The U.S. Treasury Department on Friday released new figures related to the 2023 budget that showed a troubling drop in the nation’s tax revenue compared to GDP—a measure which fell to 16.5% despite a growing economy—and an annual deficit increase that essentially doubled from the previous year.
“After record U.S. government spending in 2020 and 2021” due to programs related to the economic fallout from the Covid-19 crisis, the Washington Postreports, “the deficit dropped from close to $3 trillion to close to $1 trillion in 2022. But rather than continue to fall to its pre-pandemic levels, the deficit unexpectedly jumped this year to roughly $2 trillion.”
While much of the reporting on the Treasury figures painted a picture of various and overlapping dynamics to explain the surge in the deficit—including higher payments on debt due to interest rates, tax filing waivers related to extreme weather events, the impact of a student loan forgiveness program that was later rescinded, or a dip in capital gains receipts—progressive tax experts say none of those complexities should act to shield what’s at the heart of a budget that brings in less than it spends: tax giveaways to the rich.
Bobby Kogan, senior director for federal budget policy at the Center for American Progress, has argued repeatedly that growing deficits in recent years have a clear and singular chief cause: Republican tax cuts that benefit mostly the wealthy and profitable corporations.
In response to the Treasury figures released Friday, Kogan said that “roughly 75%” of the surge in the deficit and the debt ratio, the amount of federal debt relative to the overall size of the economy, was due to revenue decreases resulting from GOP-approved tax cuts over recent decades. “Of the remaining 25%,” he said, “more than half” was higher interest payments on the debt related to Federal Reserve policy.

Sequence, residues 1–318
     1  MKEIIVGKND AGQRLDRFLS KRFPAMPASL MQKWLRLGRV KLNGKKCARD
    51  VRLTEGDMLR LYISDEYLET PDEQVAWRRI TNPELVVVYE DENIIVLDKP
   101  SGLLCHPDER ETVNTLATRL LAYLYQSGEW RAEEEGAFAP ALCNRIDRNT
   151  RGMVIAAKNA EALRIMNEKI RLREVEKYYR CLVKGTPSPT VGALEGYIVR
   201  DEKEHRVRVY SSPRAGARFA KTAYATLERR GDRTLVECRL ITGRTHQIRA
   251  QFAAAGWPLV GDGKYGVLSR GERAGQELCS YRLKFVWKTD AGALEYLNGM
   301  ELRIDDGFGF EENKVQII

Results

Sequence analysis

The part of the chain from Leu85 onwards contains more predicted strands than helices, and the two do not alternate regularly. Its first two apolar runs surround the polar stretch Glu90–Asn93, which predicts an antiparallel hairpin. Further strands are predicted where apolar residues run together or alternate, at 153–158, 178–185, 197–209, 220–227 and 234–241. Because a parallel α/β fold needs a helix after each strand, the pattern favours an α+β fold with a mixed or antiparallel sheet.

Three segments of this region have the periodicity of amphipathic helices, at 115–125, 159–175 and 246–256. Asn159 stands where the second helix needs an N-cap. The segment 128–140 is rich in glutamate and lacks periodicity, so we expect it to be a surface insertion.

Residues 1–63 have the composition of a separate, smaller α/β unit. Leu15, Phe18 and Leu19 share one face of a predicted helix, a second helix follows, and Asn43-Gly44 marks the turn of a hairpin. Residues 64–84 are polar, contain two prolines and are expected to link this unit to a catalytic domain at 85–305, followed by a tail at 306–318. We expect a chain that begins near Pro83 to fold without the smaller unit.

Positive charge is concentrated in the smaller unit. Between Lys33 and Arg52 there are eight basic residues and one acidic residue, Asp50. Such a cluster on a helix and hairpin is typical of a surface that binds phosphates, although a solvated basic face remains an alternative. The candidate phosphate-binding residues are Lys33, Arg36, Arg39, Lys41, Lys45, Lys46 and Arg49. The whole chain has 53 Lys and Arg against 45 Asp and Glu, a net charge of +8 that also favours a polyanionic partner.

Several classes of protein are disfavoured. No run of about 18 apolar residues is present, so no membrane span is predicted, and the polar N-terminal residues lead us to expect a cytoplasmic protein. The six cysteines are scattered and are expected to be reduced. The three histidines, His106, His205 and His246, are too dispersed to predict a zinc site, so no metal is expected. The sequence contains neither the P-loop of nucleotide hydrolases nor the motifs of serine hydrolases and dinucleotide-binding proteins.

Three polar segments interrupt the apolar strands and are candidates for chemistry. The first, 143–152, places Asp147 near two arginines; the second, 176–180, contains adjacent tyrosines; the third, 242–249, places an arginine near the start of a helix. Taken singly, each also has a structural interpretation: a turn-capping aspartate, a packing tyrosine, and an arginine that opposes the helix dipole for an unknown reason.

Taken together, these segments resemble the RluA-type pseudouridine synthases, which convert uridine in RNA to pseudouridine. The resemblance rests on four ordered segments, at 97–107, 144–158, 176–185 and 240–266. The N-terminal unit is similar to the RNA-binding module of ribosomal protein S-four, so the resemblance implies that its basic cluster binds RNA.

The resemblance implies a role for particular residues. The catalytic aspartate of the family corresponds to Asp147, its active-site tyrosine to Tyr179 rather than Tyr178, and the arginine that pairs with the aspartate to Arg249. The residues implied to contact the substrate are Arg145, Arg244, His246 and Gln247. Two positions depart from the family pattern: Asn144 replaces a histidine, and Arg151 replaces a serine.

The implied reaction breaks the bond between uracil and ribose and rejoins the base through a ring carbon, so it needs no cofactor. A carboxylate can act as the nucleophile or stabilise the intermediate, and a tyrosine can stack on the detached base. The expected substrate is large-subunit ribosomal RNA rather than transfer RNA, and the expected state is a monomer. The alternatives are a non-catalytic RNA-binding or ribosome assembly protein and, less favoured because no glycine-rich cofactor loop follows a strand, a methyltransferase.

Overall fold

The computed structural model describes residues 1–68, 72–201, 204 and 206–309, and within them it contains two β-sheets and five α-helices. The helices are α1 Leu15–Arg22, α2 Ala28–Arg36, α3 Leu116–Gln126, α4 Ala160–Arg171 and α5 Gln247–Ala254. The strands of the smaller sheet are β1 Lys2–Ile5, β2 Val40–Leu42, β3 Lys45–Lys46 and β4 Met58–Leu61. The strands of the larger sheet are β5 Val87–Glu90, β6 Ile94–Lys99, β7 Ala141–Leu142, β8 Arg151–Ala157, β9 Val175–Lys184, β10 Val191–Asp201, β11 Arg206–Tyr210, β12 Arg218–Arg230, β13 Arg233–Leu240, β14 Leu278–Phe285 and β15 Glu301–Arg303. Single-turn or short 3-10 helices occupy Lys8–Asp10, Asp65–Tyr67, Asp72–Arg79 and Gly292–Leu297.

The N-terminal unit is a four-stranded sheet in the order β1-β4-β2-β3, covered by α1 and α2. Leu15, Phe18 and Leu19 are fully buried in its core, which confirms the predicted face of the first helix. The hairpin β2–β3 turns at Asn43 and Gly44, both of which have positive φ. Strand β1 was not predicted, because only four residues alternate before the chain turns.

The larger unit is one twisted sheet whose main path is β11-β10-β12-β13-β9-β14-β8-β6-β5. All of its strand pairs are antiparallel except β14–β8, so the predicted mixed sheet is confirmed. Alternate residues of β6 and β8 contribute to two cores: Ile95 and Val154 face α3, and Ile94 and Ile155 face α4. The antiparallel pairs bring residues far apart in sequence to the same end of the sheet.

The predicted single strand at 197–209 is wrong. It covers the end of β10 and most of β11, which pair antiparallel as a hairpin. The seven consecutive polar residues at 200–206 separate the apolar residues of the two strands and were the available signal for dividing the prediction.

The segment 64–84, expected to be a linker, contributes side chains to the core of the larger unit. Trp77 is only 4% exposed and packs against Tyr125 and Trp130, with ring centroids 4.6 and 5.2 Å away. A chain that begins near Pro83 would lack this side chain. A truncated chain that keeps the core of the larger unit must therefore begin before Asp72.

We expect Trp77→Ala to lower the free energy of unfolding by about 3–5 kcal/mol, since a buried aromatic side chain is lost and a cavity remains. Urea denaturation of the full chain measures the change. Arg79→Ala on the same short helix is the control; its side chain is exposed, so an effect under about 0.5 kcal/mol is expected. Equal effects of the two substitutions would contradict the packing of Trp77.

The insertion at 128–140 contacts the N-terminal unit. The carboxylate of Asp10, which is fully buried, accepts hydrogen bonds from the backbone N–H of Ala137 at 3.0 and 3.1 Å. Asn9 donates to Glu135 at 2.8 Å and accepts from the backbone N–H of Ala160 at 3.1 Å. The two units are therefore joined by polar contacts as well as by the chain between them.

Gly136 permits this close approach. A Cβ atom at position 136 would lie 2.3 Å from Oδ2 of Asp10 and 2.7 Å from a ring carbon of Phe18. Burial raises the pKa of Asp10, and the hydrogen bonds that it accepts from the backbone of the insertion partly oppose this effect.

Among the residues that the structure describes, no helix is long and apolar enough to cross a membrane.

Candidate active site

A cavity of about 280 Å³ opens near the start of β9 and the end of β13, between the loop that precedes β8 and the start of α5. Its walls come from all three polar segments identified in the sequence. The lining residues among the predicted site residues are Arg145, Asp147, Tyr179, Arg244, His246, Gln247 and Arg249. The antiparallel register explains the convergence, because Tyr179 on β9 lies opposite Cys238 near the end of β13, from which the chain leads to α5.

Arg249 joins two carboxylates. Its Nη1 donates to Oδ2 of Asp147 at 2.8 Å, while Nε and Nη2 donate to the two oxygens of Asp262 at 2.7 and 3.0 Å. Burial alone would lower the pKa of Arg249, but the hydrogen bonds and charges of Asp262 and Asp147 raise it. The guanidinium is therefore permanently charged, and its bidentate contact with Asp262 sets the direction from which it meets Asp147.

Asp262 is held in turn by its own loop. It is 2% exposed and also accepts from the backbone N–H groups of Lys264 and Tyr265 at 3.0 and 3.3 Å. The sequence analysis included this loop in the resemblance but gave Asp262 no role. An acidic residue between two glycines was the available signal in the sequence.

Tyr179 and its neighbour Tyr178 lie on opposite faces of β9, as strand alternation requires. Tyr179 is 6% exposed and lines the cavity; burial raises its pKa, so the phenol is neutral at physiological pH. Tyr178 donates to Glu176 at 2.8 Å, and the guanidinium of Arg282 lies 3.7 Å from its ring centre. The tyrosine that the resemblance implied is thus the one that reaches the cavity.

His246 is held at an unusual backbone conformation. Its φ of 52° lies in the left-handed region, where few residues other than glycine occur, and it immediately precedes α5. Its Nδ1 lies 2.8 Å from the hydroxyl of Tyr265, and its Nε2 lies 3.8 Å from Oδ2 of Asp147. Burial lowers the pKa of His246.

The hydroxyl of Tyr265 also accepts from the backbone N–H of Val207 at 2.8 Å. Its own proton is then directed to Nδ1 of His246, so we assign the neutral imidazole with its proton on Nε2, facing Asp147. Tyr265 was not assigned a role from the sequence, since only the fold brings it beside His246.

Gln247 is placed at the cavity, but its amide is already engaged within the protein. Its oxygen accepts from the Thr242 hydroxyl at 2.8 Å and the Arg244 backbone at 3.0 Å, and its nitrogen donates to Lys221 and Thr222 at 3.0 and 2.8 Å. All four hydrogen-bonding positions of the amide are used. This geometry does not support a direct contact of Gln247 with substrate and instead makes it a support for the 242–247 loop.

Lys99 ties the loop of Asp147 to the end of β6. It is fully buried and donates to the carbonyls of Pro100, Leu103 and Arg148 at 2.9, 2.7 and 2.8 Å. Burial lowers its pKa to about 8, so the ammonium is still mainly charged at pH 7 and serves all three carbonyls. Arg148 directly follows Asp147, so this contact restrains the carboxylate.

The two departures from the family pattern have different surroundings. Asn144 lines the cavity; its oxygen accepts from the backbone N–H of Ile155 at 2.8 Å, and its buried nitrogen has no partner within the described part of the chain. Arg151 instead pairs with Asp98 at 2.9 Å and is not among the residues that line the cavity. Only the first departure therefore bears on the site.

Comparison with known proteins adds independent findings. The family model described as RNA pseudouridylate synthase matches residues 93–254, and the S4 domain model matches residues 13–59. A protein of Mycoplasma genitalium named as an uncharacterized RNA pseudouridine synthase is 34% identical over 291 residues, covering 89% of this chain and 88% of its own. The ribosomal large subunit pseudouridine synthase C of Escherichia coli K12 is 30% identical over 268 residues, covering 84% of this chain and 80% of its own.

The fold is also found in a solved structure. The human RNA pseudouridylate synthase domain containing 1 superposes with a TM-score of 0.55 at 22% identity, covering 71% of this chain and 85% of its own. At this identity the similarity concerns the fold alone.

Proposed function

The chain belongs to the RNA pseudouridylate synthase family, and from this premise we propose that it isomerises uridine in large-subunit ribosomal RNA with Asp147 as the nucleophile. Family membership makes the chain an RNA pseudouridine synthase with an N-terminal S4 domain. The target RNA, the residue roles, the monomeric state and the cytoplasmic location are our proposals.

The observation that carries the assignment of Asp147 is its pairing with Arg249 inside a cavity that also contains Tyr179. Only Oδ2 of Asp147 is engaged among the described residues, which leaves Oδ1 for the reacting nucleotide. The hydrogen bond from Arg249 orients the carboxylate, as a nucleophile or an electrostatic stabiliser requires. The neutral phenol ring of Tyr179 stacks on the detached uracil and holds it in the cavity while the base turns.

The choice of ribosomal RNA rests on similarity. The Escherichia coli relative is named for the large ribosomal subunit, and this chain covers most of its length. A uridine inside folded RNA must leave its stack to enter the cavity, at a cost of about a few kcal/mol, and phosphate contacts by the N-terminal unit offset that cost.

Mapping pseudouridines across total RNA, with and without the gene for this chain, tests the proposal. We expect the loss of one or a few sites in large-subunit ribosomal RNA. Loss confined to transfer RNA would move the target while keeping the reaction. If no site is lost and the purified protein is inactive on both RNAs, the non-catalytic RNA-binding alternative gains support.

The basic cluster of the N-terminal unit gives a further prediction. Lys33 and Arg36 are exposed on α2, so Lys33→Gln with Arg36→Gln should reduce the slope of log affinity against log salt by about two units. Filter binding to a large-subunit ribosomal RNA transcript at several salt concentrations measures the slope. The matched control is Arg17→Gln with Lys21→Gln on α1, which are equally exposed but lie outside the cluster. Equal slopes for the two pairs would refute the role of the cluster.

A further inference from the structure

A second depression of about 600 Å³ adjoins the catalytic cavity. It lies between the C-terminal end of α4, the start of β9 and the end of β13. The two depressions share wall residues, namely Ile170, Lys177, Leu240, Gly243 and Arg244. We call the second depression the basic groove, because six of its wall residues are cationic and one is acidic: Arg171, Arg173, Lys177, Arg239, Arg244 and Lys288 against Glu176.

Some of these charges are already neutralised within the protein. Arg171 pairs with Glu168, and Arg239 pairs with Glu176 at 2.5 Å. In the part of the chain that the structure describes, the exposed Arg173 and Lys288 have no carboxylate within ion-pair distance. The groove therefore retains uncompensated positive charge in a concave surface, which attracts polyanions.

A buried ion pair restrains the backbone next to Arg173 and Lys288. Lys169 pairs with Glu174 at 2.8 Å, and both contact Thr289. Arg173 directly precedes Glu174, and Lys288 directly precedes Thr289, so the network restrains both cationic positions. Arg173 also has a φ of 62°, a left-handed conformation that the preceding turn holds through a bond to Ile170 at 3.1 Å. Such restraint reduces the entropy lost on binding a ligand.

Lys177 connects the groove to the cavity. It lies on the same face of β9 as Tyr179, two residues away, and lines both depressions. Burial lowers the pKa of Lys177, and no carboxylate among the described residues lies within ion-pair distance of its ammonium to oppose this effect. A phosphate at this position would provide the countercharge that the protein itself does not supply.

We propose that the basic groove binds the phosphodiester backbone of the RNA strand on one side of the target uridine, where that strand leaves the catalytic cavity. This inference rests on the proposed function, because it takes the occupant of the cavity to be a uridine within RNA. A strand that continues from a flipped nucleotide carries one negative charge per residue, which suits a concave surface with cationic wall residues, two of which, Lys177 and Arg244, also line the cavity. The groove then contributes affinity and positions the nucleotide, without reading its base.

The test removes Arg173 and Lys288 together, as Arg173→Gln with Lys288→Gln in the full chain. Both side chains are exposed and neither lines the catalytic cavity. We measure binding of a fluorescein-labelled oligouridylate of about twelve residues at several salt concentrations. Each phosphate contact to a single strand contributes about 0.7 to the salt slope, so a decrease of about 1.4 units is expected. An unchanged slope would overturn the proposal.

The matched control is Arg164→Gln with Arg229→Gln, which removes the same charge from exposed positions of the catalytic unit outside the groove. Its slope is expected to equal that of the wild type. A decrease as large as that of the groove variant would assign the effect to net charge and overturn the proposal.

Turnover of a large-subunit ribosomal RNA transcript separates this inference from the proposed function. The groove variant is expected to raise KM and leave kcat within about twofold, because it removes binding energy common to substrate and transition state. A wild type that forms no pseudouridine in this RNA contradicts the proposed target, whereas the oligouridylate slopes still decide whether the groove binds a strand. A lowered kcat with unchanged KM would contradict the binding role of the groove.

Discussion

“We have a revenue problem, due to tax cuts,” said Kogan, pointing to the major tax laws enacted under the administrations of George W. Bush and Donald Trump. “The Bush and Trump tax cuts broke our modern tax structure. Revenue is significantly lower and no longer grows much with the economy.” And he offered this visualization about a growing debt ratio:
“The point I want to make again and again and again is that, relative to the last time CBO was projecting stable debt/GDP, spending is down, not up,” Kogan said in a tweet Friday night. “It’s lower revenue that’s 100% responsible for the change in debt projections. If you take away nothing else, leave with this point.”
In his tweet, Kogan offered the following chart to show recent and projected levels of both federal revenue and spending relative to gross domestic product (GDP):
In a detailed analysis produced in March, Kogan explained that, “If not for the Bush tax cuts and their extensions—as well as the Trump tax cuts—revenues would be on track to keep pace with spending indefinitely, and the debt ratio (debt as a percentage of the economy) would be declining. Instead, these tax cuts have added $10 trillion to the debt since their enactment and are responsible for 57 percent of the increase in the debt ratio since 2001, and more than 90 percent of the increase in the debt ratio if the one-time costs of bills responding to COVID-19 and the Great Recession are excluded.”
On Friday, the office of Sen. Sheldon Whitehouse (D-R.I.) cited those same numbers in a press release responding to the Treasury’s new report.